Monday, January 30, 2012


After the flurry of exciting awards-related activity this week, I know many of us are looking forward to (variously) the Superbowl, the Academy Awards, Valentine's Day... I, in my third week of classes, am already looking forward to Spring Break.  January/February/March is a long stretch for teachers and students alike, yes?

I've had a particularly rocky start to the semester with campus construction and new computer systems, locked doors and snow and, oh, getting stranded on the wrong coast one Monday morning.  I had to give extra credit to the student who could magically make my projector light up.  (What will I ever do if he is absent?)

In Week 1, I gave my typical spiel -- "Now that you have mastered the five-paragraph essay format, you are going to have a little more freedom to try new things, to build on the structure you've learned but to break the rules a bit."  Typically, I have many students who balk at the idea that an essay does NOT (gasp) have to be five paragraphs long.  Many also have incredible difficulty with the notion that the introductory paragraph, the body paragraphs, and the concluding paragraph of an essay should NOT actually repeat the same thought three times.

One of my rule-loving students (of whom I am already quite fond) raised her hand this week and said, "Since we're doing everything differently from everything I've been taught... what about contractions?" 

We are, mind you, writing a narrative essay based on personal experience.  We have already talked about audience and tone.  I said, 'This is an informal essay.  Of course you may use contractions.'  Students were shocked.  'We were taught never, ever to use contractions.'  'We were SCORNED for using contractions.'  I asked them to raise their hands if they were told never, under any circumstance, to use a contraction.  Fully 90% of students did so.

Goodness gracious.  Contractions are the least of the problems I typically see in student writing.  I understand that we are trying to prepare students for a wide variety of writing tasks in life: literary analyses, drug trial reviews, briefs, summaries, business memos, nursing intake notes, police reports, textbooks, articles, novels.  Encouraging students to assess the genre and the necessary conventions is the FIRST thing we should be teaching. 

And so I wonder about the "rules" that are being drummed into students in high school and developmental writing courses.  I remember wondering the same as a student.  If I am supposed to be writing in clear and complete sentences, why does Faulker get to write a five-and-a-half-page run-on?  And why can I understand only every third sentence of the jargon-stuffed journal article that I must read for my psychology class?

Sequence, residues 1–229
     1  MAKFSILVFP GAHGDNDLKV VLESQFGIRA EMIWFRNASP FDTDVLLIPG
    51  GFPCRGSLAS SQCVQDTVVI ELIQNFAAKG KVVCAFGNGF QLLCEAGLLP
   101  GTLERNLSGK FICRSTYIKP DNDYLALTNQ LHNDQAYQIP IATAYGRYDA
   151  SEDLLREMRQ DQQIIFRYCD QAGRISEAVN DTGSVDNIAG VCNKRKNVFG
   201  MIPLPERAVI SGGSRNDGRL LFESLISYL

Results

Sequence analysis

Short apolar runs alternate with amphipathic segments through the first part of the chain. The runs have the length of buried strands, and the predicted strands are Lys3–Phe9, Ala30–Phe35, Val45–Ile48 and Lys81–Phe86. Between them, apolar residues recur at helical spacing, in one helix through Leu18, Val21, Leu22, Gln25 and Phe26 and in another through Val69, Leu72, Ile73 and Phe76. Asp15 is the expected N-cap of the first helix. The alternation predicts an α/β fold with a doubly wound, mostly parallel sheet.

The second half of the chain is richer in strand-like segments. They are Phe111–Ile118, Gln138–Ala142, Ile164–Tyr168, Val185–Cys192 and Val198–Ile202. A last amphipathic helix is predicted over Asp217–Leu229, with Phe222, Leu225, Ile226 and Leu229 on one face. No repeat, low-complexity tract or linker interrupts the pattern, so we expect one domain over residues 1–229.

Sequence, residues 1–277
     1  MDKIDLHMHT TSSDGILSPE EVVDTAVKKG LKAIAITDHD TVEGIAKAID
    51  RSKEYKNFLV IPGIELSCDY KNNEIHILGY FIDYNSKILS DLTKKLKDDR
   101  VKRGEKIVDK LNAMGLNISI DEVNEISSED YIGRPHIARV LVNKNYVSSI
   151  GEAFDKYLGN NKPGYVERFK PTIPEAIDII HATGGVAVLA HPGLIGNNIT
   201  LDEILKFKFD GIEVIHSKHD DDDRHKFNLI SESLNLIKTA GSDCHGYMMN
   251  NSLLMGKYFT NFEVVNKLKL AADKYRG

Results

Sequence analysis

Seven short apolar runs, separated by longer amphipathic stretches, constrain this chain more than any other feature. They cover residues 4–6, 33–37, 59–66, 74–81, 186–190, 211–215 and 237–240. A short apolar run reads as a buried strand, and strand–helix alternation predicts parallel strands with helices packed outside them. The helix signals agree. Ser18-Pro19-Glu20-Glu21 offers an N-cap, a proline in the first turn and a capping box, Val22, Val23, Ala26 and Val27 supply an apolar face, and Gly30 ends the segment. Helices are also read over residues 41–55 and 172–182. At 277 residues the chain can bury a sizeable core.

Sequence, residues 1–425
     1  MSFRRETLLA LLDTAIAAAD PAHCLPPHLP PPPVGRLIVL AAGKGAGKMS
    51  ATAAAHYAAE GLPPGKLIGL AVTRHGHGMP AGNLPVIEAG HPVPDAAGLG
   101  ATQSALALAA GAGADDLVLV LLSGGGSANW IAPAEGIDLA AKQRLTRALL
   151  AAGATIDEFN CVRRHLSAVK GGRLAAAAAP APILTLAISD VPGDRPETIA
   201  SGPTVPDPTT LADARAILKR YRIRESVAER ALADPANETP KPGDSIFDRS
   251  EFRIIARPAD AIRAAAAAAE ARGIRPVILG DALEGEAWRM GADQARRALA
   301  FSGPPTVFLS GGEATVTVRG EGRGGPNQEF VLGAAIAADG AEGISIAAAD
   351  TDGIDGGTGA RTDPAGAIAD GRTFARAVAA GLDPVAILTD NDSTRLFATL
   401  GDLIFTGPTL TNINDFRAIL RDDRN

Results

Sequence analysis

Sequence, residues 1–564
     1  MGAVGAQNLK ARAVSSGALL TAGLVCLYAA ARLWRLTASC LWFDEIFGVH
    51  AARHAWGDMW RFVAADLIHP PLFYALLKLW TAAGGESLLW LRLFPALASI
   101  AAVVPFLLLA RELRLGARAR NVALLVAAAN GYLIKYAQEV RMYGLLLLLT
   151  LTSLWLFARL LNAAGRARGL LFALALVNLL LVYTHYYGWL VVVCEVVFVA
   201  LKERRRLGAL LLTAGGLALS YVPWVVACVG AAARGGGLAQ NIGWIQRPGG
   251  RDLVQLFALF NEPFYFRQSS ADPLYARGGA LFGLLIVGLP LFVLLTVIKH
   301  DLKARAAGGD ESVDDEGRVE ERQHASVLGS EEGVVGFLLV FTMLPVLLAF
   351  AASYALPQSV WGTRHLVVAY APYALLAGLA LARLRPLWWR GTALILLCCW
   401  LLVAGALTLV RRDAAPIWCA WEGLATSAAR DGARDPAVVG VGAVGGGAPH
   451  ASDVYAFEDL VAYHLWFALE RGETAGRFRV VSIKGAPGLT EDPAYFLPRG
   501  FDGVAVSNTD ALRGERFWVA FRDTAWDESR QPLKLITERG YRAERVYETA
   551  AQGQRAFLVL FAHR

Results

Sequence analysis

While most of us can agree on the general precepts of 'good writing,' the first and best rule is... there are no rules!
find your voice
find your truth
be true to your voice
-- Jeanne Marie

Friday, January 27, 2012

Announcing Our Book Giveaway Winner, a Writing Exercise, and Poetry Friday!

Howdy, Campers!  Author and illustrator Barney Saltzberg is a generous soul, and in his Friday the 13th interview, he offered an autographed copy of his fun and amazing book, BEAUTIFUL OOPS to one of our readers.

And the lucky, randomly chosen winner is...
Sarah Albee--yay, Sarah (who's an amazing author--check out her website)!
Here's Sarah's Beautiful Oops:
My oops moment happened when I was a very junior editor at Sesame Street. I was editing my first big book, a SS songbook (because I was the only editor in my dept who could read music and play piano). I went over to Jeff Moss's house (composer of Rubber Duckie) to show him some song arrangements, and when we got to People In Your Neighborhood (his song) we both stared at the composer credit, which read Joe Raposo (his long-time rival and writer of Bein' Green, among many others). Jeff was notoriously curmudgeonly, and I knew there was a good chance he would flip, even though of course it was just galleys and there would be plenty of opportunity to change it. So I quickly made a joke about it (along the lines of how interchangeable he and Joe were, whatevs). After five tense seconds, he grinned broadly. And we became fast friends.

So...drawing the winning name, watching the exciting announcements of the ALA awards (I felt as if I were in the audience!) and reading Carmela's, Mary Ann's, JoAnn's, Esther's, and Jeanne Marie's fabulous and thought-provoking posts about awards, got me to thinking about winning...
photo courtesy

...which inspired this poem for Poetry Friday, graciously hosted today by Jim at HeyJimHill!

by April Halprin Wayland

I sit under this tree
to sit under this tree.

Not to win anything.
Just me and tree.